Taking the GED test is stressful, so we created this manual to help you beat your test anxiety, which can sabotage your chances.
Feeling stressed out is normal. You are taking an exam, and the results will influence your future. If you’ve got test anxiety, you are not alone.
Relax. We will show you how to manage it. The best way to beat test anxiety is to know exactly what you can expect, so let’s show you, step by step, what will happen on GED® test day.
The GED Testing Center
When you sign up for the GED test (or one of the subtests), you can choose the GED testing location and the time of the test.
You should arrive at least 30 minutes before your scheduled test time. If you arrive too late at your appointment, you may not be admitted and lose your fee.
When you arrive, you will need to check in and show your identification.
GED Testing Service requires a government-issued form of ID (State ID, Passport, Driver’s license, etc.) that has not expired and includes your:
- Date of birth
Again, it’s important that the name you registered with matches the name on your ID. If it doesn’t, you will not be admitted to the test and may lose your fee.
Your state may also have separate identification requirements to prove residency. Check with your state before the testing day so you know what you need to bring.
GED Testing Room
You will be given three erasable note boards and a marker to take into the testing room. Aside from that, there is very little else you can bring with you.
The rules vary by state, so you should check with your testing center for a complete list of prohibited items. Don’t also forget that you can take the GED modules multiple times, and if you fail a GED subtest, you can retake that part twice at a reduced rate.
In most cases, no personal belongings are allowed at all. This includes things like book bags, purses, wallets, hats, heavy coats, food, gum, tobacco, and more.
One sure thing is that, in every state, cell phones are strictly prohibited. If you are caught with a phone, you will be escorted from the room, and your test will not be scored.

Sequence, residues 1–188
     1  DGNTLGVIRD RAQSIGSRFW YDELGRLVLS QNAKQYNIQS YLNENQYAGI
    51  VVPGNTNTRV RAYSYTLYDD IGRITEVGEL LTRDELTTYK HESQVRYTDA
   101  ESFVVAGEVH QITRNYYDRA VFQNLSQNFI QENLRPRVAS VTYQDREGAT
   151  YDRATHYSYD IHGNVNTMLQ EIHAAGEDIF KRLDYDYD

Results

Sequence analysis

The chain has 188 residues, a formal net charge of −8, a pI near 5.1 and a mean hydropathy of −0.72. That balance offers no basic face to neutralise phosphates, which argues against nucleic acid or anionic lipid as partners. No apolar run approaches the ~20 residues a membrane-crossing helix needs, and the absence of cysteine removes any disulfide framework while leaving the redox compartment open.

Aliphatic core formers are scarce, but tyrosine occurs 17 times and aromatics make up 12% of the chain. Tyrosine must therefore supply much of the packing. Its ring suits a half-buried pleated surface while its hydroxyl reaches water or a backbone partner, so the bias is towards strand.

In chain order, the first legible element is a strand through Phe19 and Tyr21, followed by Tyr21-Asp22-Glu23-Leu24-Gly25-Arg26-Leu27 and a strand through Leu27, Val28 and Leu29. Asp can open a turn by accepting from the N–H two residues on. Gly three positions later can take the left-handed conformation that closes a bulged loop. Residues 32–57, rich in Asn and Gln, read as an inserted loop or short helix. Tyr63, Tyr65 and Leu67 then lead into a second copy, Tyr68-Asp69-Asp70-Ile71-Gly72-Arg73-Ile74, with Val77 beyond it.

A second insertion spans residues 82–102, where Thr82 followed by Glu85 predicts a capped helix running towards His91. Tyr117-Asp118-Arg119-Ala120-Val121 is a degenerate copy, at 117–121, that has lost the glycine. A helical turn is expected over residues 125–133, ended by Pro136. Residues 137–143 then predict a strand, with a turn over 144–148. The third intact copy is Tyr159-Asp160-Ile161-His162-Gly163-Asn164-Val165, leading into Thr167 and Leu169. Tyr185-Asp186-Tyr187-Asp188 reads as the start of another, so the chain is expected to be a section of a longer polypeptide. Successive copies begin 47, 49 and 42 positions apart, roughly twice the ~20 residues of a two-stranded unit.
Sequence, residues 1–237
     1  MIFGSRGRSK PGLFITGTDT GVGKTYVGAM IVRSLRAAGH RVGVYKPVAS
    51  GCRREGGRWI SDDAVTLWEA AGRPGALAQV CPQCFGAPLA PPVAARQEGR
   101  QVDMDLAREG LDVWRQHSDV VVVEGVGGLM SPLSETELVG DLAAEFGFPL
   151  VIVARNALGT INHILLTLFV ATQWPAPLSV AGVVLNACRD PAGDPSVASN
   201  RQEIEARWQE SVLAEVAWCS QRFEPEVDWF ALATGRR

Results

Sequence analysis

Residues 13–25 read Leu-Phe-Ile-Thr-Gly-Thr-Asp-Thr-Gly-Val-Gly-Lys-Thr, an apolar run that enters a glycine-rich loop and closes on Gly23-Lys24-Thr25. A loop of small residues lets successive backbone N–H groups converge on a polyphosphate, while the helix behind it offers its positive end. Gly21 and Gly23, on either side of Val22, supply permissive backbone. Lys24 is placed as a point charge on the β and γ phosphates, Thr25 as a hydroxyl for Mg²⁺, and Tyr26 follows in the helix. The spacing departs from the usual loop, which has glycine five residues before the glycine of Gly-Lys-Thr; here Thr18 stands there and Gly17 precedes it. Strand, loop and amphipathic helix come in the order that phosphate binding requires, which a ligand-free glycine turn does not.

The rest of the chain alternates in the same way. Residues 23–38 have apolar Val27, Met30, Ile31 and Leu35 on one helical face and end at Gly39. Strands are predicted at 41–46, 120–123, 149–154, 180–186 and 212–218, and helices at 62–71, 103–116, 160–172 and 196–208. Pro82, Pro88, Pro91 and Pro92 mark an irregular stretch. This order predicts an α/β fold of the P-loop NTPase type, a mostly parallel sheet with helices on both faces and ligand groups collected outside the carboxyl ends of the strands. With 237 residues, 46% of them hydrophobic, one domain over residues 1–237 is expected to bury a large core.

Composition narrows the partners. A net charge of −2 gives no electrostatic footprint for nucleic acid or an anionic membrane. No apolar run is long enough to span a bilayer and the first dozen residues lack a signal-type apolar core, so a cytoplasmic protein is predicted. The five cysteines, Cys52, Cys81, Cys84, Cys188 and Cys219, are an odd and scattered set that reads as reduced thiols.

If that happens, you will need to reschedule another test and pay a new fee. You will not receive a refund if you’re removed from a test.
Most testing centers will have storage available, but it will be limited. You need to arrive early if you want to use it. However, it’s best to leave any prohibited items in your vehicle (or at home) to prevent any delays in getting into the testing room.
You are allowed to use a calculator on specific portions of the math, science, and social studies tests. An on-screen calculator will appear for the appropriate questions, but if you feel more comfortable using a handheld device, you can bring one.
The only model allowed is the TI-30XS Multiview GED Scientific Calculator. If you bring one, the testing center staff will advise exactly where you need to store it and when you can retrieve it for use in the approved sections.
Taking The GED Test
The test is taken entirely on a computer. Once you are granted access to the testing room, you will be assigned a computer workstation. The testing center staff will instruct you on how to log onto the system. When you do, the appropriate test will automatically load.
There are four individual GED modules, or subtests, that may be completed separately. The testing fields are Mathematical Reasoning, Science, Social Studies, and Reasoning through Language Arts. More information about what’s on the GED test is available <- on this page. The tests are generally offered in English and Spanish.